Insecticide-treated net data analysis in Sudan

Insecticide-treated net data analysis in Sudan


The Global Fund to Fight AIDS Tuberculosis and Malaria







The Issue

As part of national efforts to curb and eliminate malaria, the Sudan Malaria Control Programme conducted insecticide-treated net (ITN) distribution campaigns along with social and behavioural change communication activities. It followed up with monitoring questionnaires using U.S. President’s Malaria Initiative standard surveys.

The Global Fund, through the Technical Evaluation Reference Group, commissioned Tropical Health to compile and analyse the data and present the results regarding bed net use in order to inform future programming, especially social and behavioural change communication activities.

Our Approach

Tropical Health evaluated and analysed data regarding the access to and use of bed nets in four regions of Sudan. Tropical Health cleaned and labelled the data, then calculated key insecticide-treated net indicators by site and other demographics, and compiled and analysed social and behavioural change indicators.

Tropical Health delivered a set of 68 slides with graphs of the data including such indicators as: net use by age and gender; reasons for failure to use nets; preferred language and media to receive information about nets; exposure to, and recall of messages; tendencies regarding repair and care of nets.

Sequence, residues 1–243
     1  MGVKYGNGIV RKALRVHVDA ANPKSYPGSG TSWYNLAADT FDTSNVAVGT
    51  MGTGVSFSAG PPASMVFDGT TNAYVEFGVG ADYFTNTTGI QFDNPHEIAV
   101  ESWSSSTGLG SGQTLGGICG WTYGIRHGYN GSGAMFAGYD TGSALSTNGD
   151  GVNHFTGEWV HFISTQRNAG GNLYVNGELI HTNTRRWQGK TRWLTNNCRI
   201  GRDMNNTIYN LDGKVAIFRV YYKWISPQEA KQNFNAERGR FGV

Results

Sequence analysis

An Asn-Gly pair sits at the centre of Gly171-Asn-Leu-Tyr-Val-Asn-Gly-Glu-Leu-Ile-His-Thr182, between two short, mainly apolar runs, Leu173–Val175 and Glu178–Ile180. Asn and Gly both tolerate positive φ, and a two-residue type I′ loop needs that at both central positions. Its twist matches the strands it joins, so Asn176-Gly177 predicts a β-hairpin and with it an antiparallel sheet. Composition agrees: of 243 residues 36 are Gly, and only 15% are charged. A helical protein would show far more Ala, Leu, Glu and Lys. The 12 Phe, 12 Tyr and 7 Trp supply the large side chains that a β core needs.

Our Findings

Tropical Health found, for example, that nearly 100% of respondents had positive attitudes about the effectiveness of nets. The survey showed that the preferred sources of information were radio and health workers, which matched the largest source of messages, but exposure in the six months prior to the survey was fairly low, at 38%. While 98% of households reported owning at least one net, and 91% of nets were in good condition, on average just 37% of households reported using the nets the previous night. In some regions nets were not used in hot weather due to lower perceived risk. The programme is expected to use this data analysis to inform future behaviour change communication programming.

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